#YourMum sucks at social media, Penguin

As I frantically trawl the internet for a present for my mum this Mother’s Day, I’m presented with the usual options: flowers, chocolates and jewellery.

It’s a difficult decision with so much choice on offer. Then there’s the case of whether I want it personalised. Just on case my mum forgets she is, indeed, my mum.

But, whatever dilemmas I face, it’s not a touch on what publisher Penguin has gone throught after innocently celebrating its Mother’s Day book launch with the Twitter hashtag: #YourMum.

Don’t lie. You sniggered when you read that didn’t you? Well, if you didn’t, thousands did and took to Twitter to join in with the gaff. 

In fact, the hashtag has been used 5,000+ times in the last 30 days – and I promise you, less than a handful are literature related. 

I’m surprised that Penguin fell into this trap of ‘asking for trouble’ hashtags. It’s been hot on my mind since the Susan ‘SuBo’ Boyle album launch

Although Penguin has scored thousands of organic tweets and a PR plug on BBC Trending, it’s for all the wrong reasons. So, the only hope of encouraging people to find out what the book is all about is to pay for it via social media, digital and print advertising. And, everyone knows, paying for something when you’re good enough to get it for free, isn’t a nice feeling.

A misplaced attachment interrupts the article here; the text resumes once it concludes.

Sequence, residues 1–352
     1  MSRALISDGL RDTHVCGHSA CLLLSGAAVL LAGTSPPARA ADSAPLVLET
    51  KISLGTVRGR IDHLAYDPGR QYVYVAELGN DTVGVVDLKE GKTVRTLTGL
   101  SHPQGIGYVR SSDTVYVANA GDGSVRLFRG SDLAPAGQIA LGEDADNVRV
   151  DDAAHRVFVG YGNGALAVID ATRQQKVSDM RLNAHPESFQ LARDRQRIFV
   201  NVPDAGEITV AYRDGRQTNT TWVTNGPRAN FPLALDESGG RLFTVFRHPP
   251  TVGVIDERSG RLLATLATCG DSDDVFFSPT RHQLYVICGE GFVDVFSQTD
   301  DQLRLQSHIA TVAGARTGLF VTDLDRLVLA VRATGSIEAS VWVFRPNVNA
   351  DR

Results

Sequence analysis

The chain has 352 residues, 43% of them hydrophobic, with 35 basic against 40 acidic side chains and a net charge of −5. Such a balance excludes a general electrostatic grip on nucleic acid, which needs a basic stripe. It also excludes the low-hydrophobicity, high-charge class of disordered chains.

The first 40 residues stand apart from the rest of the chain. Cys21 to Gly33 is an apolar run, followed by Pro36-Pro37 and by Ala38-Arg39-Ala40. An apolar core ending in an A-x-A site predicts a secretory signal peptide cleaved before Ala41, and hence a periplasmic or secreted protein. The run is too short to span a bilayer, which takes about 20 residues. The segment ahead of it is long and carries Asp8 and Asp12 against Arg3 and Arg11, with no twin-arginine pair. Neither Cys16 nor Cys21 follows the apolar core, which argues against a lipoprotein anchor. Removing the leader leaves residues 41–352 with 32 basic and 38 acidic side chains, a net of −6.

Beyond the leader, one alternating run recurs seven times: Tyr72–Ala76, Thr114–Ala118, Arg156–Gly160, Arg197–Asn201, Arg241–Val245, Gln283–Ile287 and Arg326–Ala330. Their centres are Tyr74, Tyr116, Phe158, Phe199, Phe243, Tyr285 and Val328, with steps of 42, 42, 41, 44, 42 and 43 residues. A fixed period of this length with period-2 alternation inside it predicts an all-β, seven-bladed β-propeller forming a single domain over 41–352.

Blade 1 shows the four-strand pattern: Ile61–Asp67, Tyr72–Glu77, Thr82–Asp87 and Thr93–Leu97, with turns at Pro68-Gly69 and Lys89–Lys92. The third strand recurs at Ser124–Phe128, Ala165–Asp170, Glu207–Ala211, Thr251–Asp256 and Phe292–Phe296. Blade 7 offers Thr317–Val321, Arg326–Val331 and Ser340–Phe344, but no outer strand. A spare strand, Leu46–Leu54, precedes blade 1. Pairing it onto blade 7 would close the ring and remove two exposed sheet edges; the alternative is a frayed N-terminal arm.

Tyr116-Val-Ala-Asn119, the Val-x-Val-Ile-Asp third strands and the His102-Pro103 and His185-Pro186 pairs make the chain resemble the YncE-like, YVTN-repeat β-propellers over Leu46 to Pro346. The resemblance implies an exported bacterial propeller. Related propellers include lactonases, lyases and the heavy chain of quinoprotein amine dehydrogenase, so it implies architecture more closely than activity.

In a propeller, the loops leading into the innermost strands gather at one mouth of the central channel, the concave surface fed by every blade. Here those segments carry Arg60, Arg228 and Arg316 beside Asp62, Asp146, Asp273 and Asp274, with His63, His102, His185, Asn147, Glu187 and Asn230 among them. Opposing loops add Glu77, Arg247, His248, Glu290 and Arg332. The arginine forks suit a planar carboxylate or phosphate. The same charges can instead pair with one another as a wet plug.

Don’t get me wrong, I expect Penguin would’ve had a healthy budget put aside anyway, but I’m guessing it would have been to maintain sales after an initial burst of social interest. 

Instead, now, it’s starting from scratch. Although, not without a laugh from its social media team

“Thanks for pointing our #YourMum has an alternative meaning you guys! Now back to the books…” 

But, looking through its Twitter feed, it’s back to business for Penguin. It’s continued to promote the book through carefully-structured tweets – although interaction levels have slowed somewhat. 

So, brands beware. Consumers will always pull you up on rookie mistakes. 

Ask yourself these questions before  pressing play: 

  • Is the hashtag an organic and natural phrase? 
  • Does the hashtag have a colloquial or offensive meaning? Not just in this decade, but in the last century!
  • Do the words within the hashtag, when joined together, spell any phrases that would detract from your brand, product or service?

What did you make of Penguin’s hash of a hashtag? 

Penguin's epic fail

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